Reframing Failure

“Failure is the mother of success!(失敗是成功的母親!)

How often do you hear that?

As a child growing up in Hong Kong, I heard that catchphrase almost every day at home, at school and from friends. I was led to believe that I should embrace failure like I would hug my mother because it was where every good thing comes. Well, that is a nice idea because the moral of that motto was to encourage my feeble mind to toughen up and not to give up, to see the purpose of failure and not to begrudge or to feel ashamed.

For a long time, I dutifully put that precept into practice and even mumbled that canon (in Chinese)
“Failure is the mother of success!” 失敗是成功的母親!
“Failure is the mother of success!” 失敗是成功的母親!
I kept repeating that to myself over and over during my college days and early career struggles. That mindless mantra worked for a while when I needed to endure a loss and reignite the grit to persevere.

But as I face more complex challenges at work, I realize that the word, “failure” – whether in Chinese 失敗, or in English as we understand it focuses on what we lack. For example, when we fail a test in school, or a business goal, we fall short of a set standard. Those shortcomings highlight what we could not achieve or deliver as expected, by self, family or the workplace.

The negative emphasis of “failure’ is not just intimidating, threatening and dis-incentivising, it is also misleading. It’s misleading because it leads us down the path of feeling inadequate guilty, shameful and fearful of “failing” again. The concept “failure” in and of itself fails to illuminate how we miss the mark. I find it more uplifting and constructive to reframe “failure” simply as the “aha moment”, full of pearls of wisdom waiting for me to pick and choose. I find it much more exciting to go to a checklist of “misses” as if it were a treasure box of wonders, and to ask specific questions about where and how the breakdown occurred.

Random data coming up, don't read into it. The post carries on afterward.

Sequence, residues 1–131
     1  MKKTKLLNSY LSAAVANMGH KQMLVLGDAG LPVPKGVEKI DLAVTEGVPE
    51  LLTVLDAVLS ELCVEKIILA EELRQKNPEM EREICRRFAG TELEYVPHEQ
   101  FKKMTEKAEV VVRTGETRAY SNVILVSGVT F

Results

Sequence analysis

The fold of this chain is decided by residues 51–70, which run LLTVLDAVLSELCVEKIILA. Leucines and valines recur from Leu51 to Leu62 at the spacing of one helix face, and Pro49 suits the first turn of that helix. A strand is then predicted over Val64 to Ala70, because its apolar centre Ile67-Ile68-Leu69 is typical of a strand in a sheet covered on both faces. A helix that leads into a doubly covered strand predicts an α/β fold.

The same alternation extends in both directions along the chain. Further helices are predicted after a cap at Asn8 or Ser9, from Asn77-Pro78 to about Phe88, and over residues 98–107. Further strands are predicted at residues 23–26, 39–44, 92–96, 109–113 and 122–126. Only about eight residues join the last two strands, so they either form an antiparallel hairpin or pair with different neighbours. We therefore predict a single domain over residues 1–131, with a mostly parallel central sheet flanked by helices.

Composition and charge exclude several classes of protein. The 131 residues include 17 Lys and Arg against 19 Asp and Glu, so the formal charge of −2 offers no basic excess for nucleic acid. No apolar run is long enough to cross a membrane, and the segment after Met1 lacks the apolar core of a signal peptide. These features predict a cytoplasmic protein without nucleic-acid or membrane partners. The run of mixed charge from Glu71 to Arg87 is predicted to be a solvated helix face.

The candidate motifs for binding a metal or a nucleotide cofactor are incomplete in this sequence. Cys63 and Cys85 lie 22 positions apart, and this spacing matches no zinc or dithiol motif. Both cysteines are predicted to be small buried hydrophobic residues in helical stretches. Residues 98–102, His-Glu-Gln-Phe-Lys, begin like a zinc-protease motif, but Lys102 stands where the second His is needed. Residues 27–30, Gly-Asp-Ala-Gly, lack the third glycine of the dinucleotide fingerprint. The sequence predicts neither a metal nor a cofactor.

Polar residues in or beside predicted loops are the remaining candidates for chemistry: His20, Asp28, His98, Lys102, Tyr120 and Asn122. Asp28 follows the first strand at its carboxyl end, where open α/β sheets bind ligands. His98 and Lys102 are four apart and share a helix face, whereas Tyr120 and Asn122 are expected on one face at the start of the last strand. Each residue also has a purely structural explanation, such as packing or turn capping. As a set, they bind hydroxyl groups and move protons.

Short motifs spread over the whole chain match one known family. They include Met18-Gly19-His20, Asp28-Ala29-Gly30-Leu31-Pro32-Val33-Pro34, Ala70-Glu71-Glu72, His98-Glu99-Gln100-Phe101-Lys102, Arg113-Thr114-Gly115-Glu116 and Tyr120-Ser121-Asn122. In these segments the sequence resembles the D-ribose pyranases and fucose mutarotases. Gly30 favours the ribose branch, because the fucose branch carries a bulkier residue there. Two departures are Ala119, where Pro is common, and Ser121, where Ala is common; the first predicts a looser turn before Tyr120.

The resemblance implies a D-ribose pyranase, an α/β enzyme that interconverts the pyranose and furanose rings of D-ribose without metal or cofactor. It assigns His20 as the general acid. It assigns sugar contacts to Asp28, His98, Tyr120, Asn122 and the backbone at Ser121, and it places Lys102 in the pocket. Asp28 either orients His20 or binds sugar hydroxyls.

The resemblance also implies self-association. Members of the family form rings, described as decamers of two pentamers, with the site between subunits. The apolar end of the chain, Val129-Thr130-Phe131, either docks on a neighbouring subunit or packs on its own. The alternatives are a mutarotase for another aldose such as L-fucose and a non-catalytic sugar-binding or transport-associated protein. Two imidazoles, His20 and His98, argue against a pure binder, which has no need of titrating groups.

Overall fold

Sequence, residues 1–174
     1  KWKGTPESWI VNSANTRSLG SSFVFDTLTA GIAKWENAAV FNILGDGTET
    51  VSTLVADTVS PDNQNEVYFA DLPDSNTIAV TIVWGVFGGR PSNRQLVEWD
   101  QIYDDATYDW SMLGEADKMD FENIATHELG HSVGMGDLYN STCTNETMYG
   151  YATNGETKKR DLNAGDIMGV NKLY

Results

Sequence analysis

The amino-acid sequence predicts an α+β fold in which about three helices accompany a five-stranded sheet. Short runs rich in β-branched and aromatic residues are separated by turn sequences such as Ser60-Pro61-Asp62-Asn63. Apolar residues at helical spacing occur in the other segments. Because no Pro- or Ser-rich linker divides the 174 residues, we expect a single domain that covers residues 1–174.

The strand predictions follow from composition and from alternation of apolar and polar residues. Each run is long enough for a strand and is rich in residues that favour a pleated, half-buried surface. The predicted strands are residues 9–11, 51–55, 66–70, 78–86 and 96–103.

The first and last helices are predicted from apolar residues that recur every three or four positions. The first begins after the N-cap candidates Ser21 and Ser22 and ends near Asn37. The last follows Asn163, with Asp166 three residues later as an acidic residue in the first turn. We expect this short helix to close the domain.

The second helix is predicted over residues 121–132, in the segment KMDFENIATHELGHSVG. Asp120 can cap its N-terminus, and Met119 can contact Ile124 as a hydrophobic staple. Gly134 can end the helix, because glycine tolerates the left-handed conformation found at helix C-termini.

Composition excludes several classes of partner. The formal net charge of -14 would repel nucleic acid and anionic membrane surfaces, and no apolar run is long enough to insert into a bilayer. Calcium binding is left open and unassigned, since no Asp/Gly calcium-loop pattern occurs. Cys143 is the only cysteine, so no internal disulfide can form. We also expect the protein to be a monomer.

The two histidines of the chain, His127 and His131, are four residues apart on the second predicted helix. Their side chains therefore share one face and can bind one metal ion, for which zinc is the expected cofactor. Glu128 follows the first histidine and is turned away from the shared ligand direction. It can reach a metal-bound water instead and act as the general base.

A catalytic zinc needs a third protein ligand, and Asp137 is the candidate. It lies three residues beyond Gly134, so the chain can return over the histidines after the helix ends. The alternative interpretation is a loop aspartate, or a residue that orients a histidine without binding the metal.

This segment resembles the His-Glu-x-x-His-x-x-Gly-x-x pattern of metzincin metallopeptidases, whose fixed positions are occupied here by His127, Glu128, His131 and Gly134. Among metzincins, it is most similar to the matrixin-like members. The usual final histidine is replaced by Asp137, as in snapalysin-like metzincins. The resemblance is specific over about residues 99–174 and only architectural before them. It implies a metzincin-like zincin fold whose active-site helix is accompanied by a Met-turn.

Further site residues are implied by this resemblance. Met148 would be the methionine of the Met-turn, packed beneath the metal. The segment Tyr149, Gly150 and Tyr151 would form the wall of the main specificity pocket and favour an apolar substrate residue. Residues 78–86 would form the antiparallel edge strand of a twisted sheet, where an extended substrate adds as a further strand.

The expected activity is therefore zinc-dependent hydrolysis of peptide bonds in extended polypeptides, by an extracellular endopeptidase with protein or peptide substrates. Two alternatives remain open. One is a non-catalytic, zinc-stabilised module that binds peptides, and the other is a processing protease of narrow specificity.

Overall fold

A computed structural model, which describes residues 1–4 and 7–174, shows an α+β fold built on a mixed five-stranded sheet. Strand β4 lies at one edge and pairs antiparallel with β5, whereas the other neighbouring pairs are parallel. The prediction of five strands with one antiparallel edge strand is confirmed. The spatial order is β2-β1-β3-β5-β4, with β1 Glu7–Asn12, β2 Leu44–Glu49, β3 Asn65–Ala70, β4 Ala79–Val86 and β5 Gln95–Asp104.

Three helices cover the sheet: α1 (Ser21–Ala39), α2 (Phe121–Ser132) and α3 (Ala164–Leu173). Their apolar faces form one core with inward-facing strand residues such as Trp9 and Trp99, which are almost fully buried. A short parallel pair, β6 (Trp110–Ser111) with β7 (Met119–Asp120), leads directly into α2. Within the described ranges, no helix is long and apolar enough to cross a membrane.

What I find to be consistently true in almost my “failures” (school, workplace, relationships) is a mix of misreading, miscalculating and misjudging.

Misreading, Miscalculating, Misjudging


For example, if I were applying for a job or a school and I didn’t get it.
I would ask myself –
how did I read this “job” or “school” to be desirable for me? Location? Prestige? Pay?
What was I looking for? What were “they” looking for?
How did I misjudge what I wanted versus what they needed?
How did I miscalculate what I had to offer (my attributes, attitudes, skillset and mindset) versus what they saw fit for my role?
How did I miscalculate the cost v. benefit ratio? Cost is also calculated in terms of time and energy invested in addition to money spent. Benefit includes immediate and long-term.

In personal or business relationships, when things are not working out as expected, I turn to these questions –
How did I misjudge the character of this person? What was I misled by? What did I fall for, and why?
How did I misread his/her intention? What makes that good and bad?
How can this relationship be salvaged? Converted?
What was lost by my mistakes in this relationship?
What did I miss that I can’t replace?

What’s your list of “misses?”
Failing to see what and how we miss the mark is the true tragedy of failures. Let’s graduate from students of our own “aha moment” to teachers so we not only learn but can also instruct ourselves from these “misses.” Often, we have as much to gain from the bad as from the good.

Mable, New York

Mable Chan

Mable Chan is the founder of China Personified. Her contact is